When cold weather hits, winter wildlife go in search of three things: food for their bellies, water to quench their thirst, and warm shelter to keep them safe. When the going gets tough, these winter pests have to get creative in order to survive – often by making their way into your attic, chimney, basement, or crawlspace. While it’s beneficial for them, it can cause serious damage to both your home and your health to have them sharing space with you.

How do you know if you have a stowaway for the winter? Common signs of wildlife include:

  • Scratching sounds coming from your walls or attic
  • Chirping or squeaking sounds coming from the walls, vents, or attic
  • Garbage cans and bags that have been broken into
  • Chewing or gnawing marks in the basement or attic, or through wires or cardboard
  • A foul smell that lingers even after cleaning (which could be urine or feces)

Now that you know what to look for, what kinds of animals can cause these signs? Some of the most common winter wildlife include:

  • Raccoons: These nocturnal omnivores use their hands to dig for food, especially in your garbage cans. Raccoons are the largest carriers of rabies in Georgia (along with skunks, bats, foxes, and coyotes). Raccoons can damage property, spread rabies, and spread ringworm. They are most likely to nest in chimneys and attics.
  • Rats and mice: These rodents like to live in crawlspaces and between the side beams in your walls. They will venture out to make trips to your kitchen in search of food. Rats and mice carry and spread salmonella, along with fleas, ticks, and lice. Their droppings also contain pathogens that can be dangerous to humans. They are avid chewers and will often chew through electrical wiring, causing property damage and increasing the risk of fires.
  • Squirrels: These are the most common rodents in Georgia with populations in the millions. These pests like to take up residence in attics and basements and will bring in tons of acorns to store for the winter. Squirrels, like their rodent cousins, also carry diseases and pathogens, both on themselves and in their droppings. They can also chew through wires.
  • Birds: Although less common than other winter wildlife, birds can be just as dangerous. Birds like to infest chimneys and attics to nest and lay their eggs. Their droppings can cause quite a mess and also harbor diseases and parasites. They can also cause severe damage to roof lines and chimneys. Many birds are protected so bird control and bird nest removal are usually best left to the professionals.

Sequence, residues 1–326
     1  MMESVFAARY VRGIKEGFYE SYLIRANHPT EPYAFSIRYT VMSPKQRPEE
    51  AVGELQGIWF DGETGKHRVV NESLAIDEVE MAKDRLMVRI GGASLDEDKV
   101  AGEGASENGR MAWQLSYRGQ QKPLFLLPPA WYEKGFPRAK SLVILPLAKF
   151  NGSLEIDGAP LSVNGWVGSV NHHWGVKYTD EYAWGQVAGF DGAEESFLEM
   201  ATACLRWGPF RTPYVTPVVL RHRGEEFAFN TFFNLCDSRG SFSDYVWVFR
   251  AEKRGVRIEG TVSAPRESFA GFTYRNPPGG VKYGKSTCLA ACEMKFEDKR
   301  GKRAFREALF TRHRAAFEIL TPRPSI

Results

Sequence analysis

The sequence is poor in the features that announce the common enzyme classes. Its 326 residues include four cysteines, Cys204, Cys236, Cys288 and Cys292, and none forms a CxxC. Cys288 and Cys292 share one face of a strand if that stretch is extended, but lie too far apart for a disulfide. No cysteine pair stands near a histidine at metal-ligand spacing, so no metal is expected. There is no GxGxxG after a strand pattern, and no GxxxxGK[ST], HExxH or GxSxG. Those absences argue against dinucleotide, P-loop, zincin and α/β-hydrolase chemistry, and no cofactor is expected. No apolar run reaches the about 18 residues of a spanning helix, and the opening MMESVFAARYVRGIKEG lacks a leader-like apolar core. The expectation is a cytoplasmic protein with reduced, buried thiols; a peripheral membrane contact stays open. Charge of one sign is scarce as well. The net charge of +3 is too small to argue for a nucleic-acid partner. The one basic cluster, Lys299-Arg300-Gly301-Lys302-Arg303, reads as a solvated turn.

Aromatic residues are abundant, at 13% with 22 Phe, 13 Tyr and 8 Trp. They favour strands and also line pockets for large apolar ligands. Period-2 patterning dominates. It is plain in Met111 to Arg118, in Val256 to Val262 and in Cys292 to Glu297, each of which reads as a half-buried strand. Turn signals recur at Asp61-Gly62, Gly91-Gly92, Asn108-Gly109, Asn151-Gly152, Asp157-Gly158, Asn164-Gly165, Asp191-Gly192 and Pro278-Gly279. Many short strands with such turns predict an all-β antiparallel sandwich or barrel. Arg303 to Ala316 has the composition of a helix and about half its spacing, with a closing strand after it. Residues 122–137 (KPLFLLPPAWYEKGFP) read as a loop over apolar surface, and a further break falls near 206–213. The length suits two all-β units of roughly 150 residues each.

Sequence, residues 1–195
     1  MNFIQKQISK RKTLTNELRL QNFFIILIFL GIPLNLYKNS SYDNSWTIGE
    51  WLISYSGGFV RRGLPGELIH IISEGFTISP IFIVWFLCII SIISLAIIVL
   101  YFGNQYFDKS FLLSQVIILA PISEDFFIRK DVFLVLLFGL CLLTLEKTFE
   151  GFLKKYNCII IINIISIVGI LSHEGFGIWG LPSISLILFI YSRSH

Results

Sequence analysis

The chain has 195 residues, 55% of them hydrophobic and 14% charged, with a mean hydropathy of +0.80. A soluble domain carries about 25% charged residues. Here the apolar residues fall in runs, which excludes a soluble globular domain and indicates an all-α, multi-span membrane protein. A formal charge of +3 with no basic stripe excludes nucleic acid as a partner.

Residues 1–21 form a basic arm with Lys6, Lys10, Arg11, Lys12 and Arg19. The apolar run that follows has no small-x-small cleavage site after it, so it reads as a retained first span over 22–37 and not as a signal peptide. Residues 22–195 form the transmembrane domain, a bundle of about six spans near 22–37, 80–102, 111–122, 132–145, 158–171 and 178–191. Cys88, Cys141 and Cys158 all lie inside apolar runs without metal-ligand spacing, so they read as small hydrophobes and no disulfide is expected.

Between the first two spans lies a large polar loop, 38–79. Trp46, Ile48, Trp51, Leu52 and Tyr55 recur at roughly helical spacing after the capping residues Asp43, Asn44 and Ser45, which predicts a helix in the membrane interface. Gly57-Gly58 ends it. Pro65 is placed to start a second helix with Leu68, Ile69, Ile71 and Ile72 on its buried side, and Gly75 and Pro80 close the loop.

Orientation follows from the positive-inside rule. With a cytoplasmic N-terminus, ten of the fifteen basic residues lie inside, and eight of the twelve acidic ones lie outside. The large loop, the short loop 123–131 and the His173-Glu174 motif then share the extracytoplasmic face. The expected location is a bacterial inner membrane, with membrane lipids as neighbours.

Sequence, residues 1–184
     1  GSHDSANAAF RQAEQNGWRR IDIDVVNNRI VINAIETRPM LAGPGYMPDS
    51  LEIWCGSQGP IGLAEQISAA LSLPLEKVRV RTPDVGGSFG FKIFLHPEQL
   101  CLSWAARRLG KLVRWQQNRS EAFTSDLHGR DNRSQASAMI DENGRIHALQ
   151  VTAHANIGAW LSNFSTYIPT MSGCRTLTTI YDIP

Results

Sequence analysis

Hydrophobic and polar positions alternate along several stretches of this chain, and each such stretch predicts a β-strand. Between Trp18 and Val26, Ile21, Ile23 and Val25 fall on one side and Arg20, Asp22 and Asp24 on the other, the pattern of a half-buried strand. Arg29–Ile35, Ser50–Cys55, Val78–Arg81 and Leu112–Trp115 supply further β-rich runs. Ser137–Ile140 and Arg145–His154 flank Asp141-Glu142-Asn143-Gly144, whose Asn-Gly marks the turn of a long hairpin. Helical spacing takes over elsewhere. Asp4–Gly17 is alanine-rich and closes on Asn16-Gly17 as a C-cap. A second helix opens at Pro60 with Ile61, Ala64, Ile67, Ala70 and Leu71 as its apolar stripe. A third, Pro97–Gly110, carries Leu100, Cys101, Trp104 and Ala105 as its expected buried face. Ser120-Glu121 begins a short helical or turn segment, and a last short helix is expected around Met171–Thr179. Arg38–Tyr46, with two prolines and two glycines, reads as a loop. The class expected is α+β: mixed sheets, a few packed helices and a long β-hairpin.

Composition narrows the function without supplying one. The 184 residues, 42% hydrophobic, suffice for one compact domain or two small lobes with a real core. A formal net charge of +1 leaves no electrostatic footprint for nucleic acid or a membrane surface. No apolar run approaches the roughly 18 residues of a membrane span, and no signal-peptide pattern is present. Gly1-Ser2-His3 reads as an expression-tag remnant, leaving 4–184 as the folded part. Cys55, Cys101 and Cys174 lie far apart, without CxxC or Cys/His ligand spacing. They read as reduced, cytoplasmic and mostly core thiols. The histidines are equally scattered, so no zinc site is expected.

• Bats: Bats like to roost in attics where they can hide during the day and venture out at night. They carry disease like rabies and can spread them to humans through their bite. Bats are a protected species in Georgia and killing them is prohibited.

Prevention is key to avoiding a winter wildlife invasion. Critter control starts at home with these winter wildlife prevention tips:

1. Inspect Chimneys

Chimneys provide a great hideout and also a gateway for wildlife to get into your home. Make sure the top of your chimney has a grated screen that is in good repair with no holes. Check above the flue panel for any leaves, debris, droppings, or animals before sealing it up. Make sure your chimney is secure.

2. Inspect Foundations

Small holes, cracks, open pipes, etc. in your foundation provide easy routes for wildlife to get into your home. A careful inspection of your foundations should be performed every season throughout the year. Seal any openings as you find them.

3. Inspect Roof and Siding

Any tiny cracks or openings in your roof or siding means easy access to your attic. Check the entire exterior of the roof, starting with the intersections and siding. Make sure to also check the flushing seams on the roof. Siding that connects to the roof should not be warped or pulled away. Be sure to check around exhaust openings and for loose vent screens, as well.

4. Inspect the Attic

Many wildlife critters love to hide out in the attic. Use a flashlight or headlamp and thoroughly inspect this space, checking for openings or chewed up or damaged areas of wood. Seal any holes you find but always make sure the animals are not still present before you do.

5. Secure Trash Containers

Your trashcans offer a buffet of food sources for pests. Use cans with tightly securing lids, avoid overfilling them, and wash the bins regularly to get rid of food waste.

6. Maintain Landscaping

Branches and limbs offer squirrels, raccoons, and other creatures a bridge directly into your home. Keep trees and shrubs trimmed away from the house. Prune shrubs to keep them at least 12″ from the sides of your home. Trim any branches that overhang or touch your roof, as well.

7. Clean Up Food

Leaving food sources outside your home will just attract wildlife in. Try to avoid leaving pet food outside and tossing scraps or pouring leftover grease in the yard. Pick up any fallen fruit. Protect your gardens with fences that are designed to keep animals out. Clean up any spilled birdseed from feeders and bring them in overnight.

Wildlife control is an ongoing process that needs special attention and consideration, especially in the cold winter months. If you have a problem with winter wildlife, contact your local pest control company for an inspection and appropriate treatment or wildlife exclusion plan.

 

You May Also Be Interested In:

4 Pests That Are Closer Than You Think!

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A Guide to Home Pest Control

Where Do Snakes Go In Cold Weather?

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